By law in 1886 the principal task of the nonecclesiastical primary school teacher (instituteur/institutrice) was to inculcate Republican morale in his or her pupils by stressing the latters' duty toward the family, the school itself, the patrie, the personal dignity of persons, charitable one's fellow man and community, and animals. In addition, the six-year core curriculum also focused on reading and writing, elements of mathematics (addition, subtraction, division, multiplication, fractions and abstract reasoning), French history and geography, and drawing and music. The pedagogical methods used involved much pupil-teacher interaction and classroom discussion. Each class in all the schools was visited periodically by an official known as the Inspecteur de l'académie who made sure that the instructional programs centrally drawn up by the national ministry were properly carried out. Schools were democratic in the sense that pupils came from all social classes and represented all economic levels.
The general excellence of these public schools produced striking results. From 1885 to 1912 public primary instruction gained some 400,000 boys and 800,000 girls, while their confessional competitors lost about 1 million pupils. To these figures should be added the population of "maternal schools" (écoles maternelles), which were a kind of national preschooling scheme, and those who attended adult schools. By 1910 the French illiteracy rate had dropped to 4.2 percent.
Secondary education programs led to the national and standardized baccalaureate examinations, which, if successfully passed by the collégien or lycéen, gave him access to further study either at one of the universities or one of the many other higher educational facilities available. (A highly competitive entrance examination was generally required in addition to the baccalauréat for acceptance into one of the prestigious grandes écoles.) In short, the colleges and lycées of France were designed to identify what was socially regarded as the nation's pool of intellectually elite young men. This was seen by many critics as socially unjust, all the more so in that practically speaking the young men concerned were almost invariably drawn from the well-to-do bourgeoisie and traditionally intellectual classes represented by the liberal professions (doctors, lawyers, and teachers).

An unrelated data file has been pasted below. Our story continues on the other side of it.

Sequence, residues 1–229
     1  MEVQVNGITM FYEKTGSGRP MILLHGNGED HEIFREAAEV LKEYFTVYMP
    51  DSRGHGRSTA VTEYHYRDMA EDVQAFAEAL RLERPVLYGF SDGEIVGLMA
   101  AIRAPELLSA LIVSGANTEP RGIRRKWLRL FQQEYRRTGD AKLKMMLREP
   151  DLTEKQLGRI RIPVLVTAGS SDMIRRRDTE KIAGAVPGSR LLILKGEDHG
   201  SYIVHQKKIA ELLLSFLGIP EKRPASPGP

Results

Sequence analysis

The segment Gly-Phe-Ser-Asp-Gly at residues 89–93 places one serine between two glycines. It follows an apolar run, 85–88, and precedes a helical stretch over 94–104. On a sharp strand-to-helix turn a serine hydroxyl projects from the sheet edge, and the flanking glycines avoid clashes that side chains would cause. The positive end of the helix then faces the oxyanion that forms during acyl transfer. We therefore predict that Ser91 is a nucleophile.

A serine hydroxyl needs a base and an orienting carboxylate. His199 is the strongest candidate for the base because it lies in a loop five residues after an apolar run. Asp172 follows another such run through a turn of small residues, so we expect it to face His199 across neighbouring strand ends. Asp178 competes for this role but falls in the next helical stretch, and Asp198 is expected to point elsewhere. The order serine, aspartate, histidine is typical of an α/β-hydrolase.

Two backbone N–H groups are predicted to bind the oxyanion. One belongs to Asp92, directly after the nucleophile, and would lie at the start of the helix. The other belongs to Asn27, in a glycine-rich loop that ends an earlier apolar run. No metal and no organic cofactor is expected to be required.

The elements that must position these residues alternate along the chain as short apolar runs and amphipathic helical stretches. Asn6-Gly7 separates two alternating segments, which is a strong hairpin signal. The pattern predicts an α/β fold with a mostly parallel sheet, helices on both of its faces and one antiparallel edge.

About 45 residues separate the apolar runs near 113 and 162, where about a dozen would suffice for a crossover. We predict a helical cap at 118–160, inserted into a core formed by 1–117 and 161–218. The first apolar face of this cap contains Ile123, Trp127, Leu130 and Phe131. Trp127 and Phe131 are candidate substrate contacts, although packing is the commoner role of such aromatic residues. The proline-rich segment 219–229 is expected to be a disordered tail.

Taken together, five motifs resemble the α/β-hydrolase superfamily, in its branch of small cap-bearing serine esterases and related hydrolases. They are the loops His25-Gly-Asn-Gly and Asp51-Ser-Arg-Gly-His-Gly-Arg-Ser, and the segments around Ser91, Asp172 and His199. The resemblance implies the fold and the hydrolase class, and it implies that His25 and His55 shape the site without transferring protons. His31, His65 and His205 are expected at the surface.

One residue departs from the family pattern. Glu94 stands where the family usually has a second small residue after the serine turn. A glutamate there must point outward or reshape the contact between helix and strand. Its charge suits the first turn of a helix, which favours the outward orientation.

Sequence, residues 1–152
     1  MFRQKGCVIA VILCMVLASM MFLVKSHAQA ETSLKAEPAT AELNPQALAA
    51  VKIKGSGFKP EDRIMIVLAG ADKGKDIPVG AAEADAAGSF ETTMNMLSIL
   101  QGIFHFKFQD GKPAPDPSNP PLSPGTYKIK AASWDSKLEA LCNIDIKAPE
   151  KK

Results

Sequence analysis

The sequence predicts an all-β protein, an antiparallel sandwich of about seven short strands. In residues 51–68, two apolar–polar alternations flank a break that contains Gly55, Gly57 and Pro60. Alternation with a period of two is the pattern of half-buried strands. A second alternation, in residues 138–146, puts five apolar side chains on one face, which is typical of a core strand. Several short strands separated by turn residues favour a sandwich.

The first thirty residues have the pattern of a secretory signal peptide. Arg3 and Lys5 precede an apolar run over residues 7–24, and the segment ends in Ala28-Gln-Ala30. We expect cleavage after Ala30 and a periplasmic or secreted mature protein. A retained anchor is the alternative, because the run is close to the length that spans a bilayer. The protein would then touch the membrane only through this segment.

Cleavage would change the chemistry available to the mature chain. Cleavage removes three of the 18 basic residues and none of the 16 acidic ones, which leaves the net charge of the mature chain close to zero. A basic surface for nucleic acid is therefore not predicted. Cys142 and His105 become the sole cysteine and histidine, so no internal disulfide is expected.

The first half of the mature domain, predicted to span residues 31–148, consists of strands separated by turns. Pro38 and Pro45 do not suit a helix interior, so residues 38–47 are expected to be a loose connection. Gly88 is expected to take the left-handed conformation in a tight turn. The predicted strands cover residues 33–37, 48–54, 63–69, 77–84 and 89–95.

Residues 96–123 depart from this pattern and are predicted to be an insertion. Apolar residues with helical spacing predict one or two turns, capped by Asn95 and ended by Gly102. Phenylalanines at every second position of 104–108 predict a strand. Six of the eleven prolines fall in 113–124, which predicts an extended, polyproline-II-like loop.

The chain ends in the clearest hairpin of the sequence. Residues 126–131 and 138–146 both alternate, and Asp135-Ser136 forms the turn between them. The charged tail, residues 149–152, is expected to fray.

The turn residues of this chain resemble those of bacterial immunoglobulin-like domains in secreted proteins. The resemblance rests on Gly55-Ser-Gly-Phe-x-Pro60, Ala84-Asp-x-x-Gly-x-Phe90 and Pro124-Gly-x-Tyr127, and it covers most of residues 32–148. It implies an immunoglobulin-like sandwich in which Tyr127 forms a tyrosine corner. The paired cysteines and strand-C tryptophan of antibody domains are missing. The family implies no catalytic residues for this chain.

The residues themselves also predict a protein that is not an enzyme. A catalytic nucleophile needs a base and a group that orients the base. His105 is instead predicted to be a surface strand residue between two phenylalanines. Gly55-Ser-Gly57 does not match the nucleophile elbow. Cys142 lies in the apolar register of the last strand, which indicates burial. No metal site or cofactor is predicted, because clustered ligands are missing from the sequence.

Girls and women offer an illustrative case in point. At about the same time as colleges like Bryn Mawr in the United States, and Girton in England, were being founded, several Third Republic politicians displayed enough far-sightedness to fight for women's educational opportunities in France. Already in 1880, Camille Sée sponsored a law widening these opportunities. However, as seen from today's perspective, the law was discriminatory in that it focused on teaching subjects "appropriate to women," which meant not exposing them to Latin or Greek, advanced mathematics, and so forth. But over the years various decrees of application concerning the law simply ignored these strictures, and, little by little, young women achieved parity with young men in their own lycées (only much later would these schools become coeducational in France.) A feminine École Normale Supérieure was founded in counterpart to each of the two major male schools and its pupils received the same education and training as their masculine coevals. However, the social and economic class to which these young women belonged was much the same as that of their male peers.